I remember this odd ball show fondly. It was an early David E. Kelley series, and quite frankly, one of his best. Picket Fences centers on a small town Sheriff (Tom Skeritt) and his wife (Kathy Baker) and three kids. The series introduced future stars Holly Marie Combs (yeah), Lauren Holly and Don Cheadle. By far, my most favorite characters were the judge played by Ray Walston, who always seemed like the most sane, yet exasperated person in the town, and of course the lawyer, Douglas Wambaugh played with great aplomb by Fyvush Finkel. The series combined comedy, family drama and conflict in way that was different and new for its time. I'm glad to see that this show, with it's great writing and wonderful cast, has finally made it to DVD.

Reno 911!: Miami
I have to truthfully say that I have not seen this movie. I love the series, but I haven't seen the movie. Wolf has, and he claims it was pretty good, but almost would've been better if it was condensed into a few episodes of the regular series on Comedy Central. Now is my chance (and yours) to catch it on DVD. Robert Ben Grant, who plays Dep. Travis, Jr. directed the film.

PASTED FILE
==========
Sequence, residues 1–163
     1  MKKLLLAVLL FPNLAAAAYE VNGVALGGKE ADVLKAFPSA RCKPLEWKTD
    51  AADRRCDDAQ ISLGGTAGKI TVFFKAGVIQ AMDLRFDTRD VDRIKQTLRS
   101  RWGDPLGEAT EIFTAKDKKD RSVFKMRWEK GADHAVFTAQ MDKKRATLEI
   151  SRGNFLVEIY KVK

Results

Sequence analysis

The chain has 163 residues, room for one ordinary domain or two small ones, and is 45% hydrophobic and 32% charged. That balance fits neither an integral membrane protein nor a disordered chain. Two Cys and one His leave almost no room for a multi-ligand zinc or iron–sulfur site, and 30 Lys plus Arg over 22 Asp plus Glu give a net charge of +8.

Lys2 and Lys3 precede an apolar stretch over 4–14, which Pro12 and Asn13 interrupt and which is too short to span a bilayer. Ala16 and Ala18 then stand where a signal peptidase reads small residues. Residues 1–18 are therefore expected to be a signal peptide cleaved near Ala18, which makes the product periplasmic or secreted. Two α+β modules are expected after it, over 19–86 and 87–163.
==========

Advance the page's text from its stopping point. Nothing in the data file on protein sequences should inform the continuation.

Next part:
Was the show really ready for a film? It did fairly well at the box office, and the cast has their characters down pat. Look for appearances and cameos by some stars like Danny Devito, Paul Rudd, and The Rock. Also look for some frequent Reno 911 perps and a few Reno 911 regulars, like Patton Oswalt in different roles.

The Card: Collectors, Con Men, and the True Story of History's Most Desired Baseball Card, by Michael O'Keeffe and Teri Thompson
The most valuable baseball card in the world is the Honus Wagner card, which only a dozen or so are known to exist. Most are in terrible shape. But THE card is only one of the Wagner cards, known as the T206 Wagner, which is in excellent condition. It worth over 2 million dollars today. This book not only details the story of the T206 Wagner, but also gives an entertaining and enlightening look into the story of baseball cards, collecting, and the great Honus Wagner himself, whose own card has seemed to eclipse him in fame.